Review: Little Fuzzy

It’s time to go old-school!  We’re talking 1962.  H. Beam Piper.  Little Fuzzy.  Classic sci-fi.  Oh, yeah!

A story of galactic settlement.  A story of corporate greed.  A story of environmental consequences.  A story about assumptions, scientific proof, and the fuzzy gray line between what we know, what we assume, and what we feel in our gut.

Jack Holloway is a prospector searching for jewels on a planet wholly owned and wholly controlled by the Chartered Zarathustra Company.  It’s a Class III planet, habitable by humans with no indigenous sapient life of its own.  The Chartered Zarathustra Company drains a swamp.  This affects the rainfall over an entire continent.  Land prawns—little nuisancy creatures with no known natural predators—scurry down south in a wave of peskiness.

Then, one day, Jack comes home and he’s not as alone as he should be.  He finds—well, he’s not sure what he finds, so he calls it a fuzzy, a little fuzzy—a small, friendly, furry mammal.  A mammal that kills and eats land prawns with a handmade tool.  They become friends and the little fuzzy eases a loneliness Jack didn’t even know he felt—but that he feels keenly when Little Fuzzy leaves.  Then, Little Fuzzy comes back, this time with his family—and Jack gets his own family of fuzzies.

Jack brings Ben Rainsford, a naturalist, in on the discovery.  And what a discovery it turns out to be!  It doesn’t take them long to realize that these little fuzzies are a sapient race, or at least on the cusp of being sapient.  They seem to be pre-verbal, because they don’t seem to talk.  They eat their land prawns raw, too, so they don’t use fire.  Yet they make their own tools and they make art for the pure pleasure of it.  It’s an awesome discovery!

Except Victor Grego, the head of the Chartered Zarathustra Company, doesn’t think so.  If it’s true, if fuzzies are sapient, then the company’s charter is invalid.  They’ll lose control of the planet!

When Jack finally realizes what’s at stake and what the company is willing to do to keep fuzzies from being declared sapient, it becomes a life-and-death struggle.  A human and a fuzzy are the first casualties.  But will there be more?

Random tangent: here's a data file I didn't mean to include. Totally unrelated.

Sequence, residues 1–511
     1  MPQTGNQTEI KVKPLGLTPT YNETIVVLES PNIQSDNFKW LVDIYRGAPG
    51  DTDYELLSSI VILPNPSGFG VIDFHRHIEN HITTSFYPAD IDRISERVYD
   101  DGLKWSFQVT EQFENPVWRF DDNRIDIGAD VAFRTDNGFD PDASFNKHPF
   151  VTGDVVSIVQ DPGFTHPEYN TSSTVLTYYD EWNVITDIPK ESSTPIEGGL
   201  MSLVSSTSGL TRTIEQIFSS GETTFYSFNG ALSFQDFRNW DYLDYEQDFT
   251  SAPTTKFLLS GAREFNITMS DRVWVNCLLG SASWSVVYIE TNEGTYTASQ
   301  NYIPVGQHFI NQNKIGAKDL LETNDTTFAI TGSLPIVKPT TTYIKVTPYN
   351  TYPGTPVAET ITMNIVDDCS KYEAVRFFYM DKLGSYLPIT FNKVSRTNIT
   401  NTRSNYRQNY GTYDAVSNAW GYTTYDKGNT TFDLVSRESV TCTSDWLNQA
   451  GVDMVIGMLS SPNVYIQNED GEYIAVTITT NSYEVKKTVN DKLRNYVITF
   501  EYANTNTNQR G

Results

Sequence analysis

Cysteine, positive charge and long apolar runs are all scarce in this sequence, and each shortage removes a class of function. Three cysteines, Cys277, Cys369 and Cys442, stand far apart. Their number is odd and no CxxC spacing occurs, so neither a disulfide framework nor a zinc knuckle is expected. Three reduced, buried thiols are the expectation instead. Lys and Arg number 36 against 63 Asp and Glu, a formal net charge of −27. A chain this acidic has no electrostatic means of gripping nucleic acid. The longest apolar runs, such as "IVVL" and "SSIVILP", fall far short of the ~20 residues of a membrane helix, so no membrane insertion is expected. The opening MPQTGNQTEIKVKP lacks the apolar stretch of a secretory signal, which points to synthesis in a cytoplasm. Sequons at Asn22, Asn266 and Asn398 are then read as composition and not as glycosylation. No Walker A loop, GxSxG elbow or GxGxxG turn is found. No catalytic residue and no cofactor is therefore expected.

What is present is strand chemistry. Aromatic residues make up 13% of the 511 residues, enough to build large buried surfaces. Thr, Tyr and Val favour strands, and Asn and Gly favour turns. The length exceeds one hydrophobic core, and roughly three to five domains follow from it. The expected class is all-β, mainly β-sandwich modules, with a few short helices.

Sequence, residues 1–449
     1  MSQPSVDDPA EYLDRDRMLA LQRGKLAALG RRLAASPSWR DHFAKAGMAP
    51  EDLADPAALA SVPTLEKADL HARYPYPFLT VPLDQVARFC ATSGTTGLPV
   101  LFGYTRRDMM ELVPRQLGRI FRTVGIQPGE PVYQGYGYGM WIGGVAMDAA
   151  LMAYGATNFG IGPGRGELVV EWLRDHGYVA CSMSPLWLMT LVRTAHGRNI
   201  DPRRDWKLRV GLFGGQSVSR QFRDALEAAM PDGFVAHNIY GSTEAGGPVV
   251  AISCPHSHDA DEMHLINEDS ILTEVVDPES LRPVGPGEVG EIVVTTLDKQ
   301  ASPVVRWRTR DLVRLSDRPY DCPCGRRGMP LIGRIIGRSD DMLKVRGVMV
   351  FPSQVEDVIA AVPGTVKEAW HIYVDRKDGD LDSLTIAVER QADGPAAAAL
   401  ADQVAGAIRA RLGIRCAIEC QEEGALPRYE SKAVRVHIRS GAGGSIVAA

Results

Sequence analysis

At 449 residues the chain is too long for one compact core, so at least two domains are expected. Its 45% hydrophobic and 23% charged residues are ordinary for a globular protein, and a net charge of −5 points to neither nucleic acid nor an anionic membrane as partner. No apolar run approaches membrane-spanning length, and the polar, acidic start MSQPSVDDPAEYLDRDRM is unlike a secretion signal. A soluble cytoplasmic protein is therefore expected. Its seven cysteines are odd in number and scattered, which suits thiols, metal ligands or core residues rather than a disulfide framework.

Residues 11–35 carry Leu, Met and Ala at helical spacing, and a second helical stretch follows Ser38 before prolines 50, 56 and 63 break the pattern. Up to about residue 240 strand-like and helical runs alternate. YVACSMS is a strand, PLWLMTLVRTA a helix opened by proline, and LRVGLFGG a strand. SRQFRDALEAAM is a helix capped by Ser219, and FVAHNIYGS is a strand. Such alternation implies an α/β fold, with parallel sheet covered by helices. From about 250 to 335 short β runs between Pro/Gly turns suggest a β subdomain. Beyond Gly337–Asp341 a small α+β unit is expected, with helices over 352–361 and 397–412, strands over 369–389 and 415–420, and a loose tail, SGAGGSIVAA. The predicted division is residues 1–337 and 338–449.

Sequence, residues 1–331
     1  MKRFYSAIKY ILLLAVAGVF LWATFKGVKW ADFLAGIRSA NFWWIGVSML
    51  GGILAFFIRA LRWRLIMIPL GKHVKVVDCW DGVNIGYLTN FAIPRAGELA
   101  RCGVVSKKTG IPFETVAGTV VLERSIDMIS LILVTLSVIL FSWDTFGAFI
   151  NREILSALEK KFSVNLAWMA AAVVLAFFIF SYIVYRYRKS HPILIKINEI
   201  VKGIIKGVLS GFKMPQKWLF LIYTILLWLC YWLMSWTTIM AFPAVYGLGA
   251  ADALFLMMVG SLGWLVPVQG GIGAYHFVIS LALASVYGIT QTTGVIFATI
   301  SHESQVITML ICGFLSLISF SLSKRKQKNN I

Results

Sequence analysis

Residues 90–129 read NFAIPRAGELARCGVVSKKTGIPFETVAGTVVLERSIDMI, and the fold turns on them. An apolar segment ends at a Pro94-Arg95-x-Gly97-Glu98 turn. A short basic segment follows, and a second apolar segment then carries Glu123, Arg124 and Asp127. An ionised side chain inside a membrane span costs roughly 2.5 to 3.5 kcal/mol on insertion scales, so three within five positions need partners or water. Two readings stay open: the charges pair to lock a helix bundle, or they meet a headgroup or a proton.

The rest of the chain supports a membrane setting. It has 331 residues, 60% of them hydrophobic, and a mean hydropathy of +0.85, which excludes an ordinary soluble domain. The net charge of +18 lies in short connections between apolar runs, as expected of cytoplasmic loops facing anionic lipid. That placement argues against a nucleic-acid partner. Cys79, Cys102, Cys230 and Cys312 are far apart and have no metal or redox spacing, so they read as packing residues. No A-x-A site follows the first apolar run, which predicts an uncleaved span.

To find out you’ll have to go old-school and read this fantastic sci-fi adventure…the way sci-fi used to be!

About Stephanie Allen Crist

Stephanie created and produces in answer to a call from God to use her experiences and gifts to help others. Stephanie is also the author of and two books that can be found on that site. Stephanie strives to share her love, faith, and talents in an inclusive manner to help others who know spiritual pain and who know the bitter taste of the dregs of despair.
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4 Responses to Review: Little Fuzzy

  1. acflory says:

    I LOVE Little Fuzzy! Thank you for reminding me. I remember getting it from the library years and years ago. And now I remember that I didn’t buy it for my own small library. That must be rectified!

    • Yes, it must. There’s subsequent books too, though not all of them are by H. Beam Piper (who committed suicide) and Fuzzy Bones really isn’t up to par.

      I read it to my son and I’m now reading the sequel. It’s a good way to build reading comprehension skills, because the piece are all there, but you have to think about them to put them together before the author puts them together for you.

      • acflory says:

        Suicide? Oh, I didn’t know that. My memory of the book is very fuzzy, excuse the pun, but I remember it as being a lovely, uplifting read.

        Putting the pieces together is a great way of describing the process.

  2. It is a lovely, uplifting story, one that stretches the imagination when it comes to how we perceive differences.

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